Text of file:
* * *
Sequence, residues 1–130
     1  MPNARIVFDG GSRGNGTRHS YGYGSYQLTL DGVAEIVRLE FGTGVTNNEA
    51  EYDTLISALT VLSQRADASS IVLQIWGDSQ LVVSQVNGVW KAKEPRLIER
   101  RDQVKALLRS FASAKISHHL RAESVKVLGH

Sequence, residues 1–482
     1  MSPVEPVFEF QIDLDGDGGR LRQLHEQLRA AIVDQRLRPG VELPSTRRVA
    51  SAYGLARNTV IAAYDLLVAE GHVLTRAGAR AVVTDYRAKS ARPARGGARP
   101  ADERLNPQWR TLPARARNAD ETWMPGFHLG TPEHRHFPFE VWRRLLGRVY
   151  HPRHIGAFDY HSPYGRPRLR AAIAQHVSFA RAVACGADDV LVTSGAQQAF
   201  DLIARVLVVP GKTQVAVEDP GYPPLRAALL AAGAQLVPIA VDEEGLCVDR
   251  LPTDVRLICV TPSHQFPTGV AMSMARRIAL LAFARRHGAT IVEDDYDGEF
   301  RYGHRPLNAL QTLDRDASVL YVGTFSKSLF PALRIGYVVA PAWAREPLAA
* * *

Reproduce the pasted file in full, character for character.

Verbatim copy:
Sequence, residues 1–130
     1  MPNARIVFDG GSRGNGTRHS YGYGSYQLTL DGVAEIVRLE FGTGVTNNEA
    51  EYDTLISALT VLSQRADASS IVLQIWGDSQ LVVSQVNGVW KAKEPRLIER
   101  RDQVKALLRS FASAKISHHL RAESVKVLGH

Sequence, residues 1–482
     1  MSPVEPVFEF QIDLDGDGGR LRQLHEQLRA AIVDQRLRPG VELPSTRRVA
    51  SAYGLARNTV IAAYDLLVAE GHVLTRAGAR AVVTDYRAKS ARPARGGARP
   101  ADERLNPQWR TLPARARNAD ETWMPGFHLG TPEHRHFPFE VWRRLLGRVY
   151  HPRHIGAFDY HSPYGRPRLR AAIAQHVSFA RAVACGADDV LVTSGAQQAF
   201  DLIARVLVVP GKTQVAVEDP GYPPLRAALL AAGAQLVPIA VDEEGLCVDR
   251  LPTDVRLICV TPSHQFPTGV AMSMARRIAL LAFARRHGAT IVEDDYDGEF
   301  RYGHRPLNAL QTLDRDASVL YVGTFSKSLF PALRIGYVVA PAWAREPLAA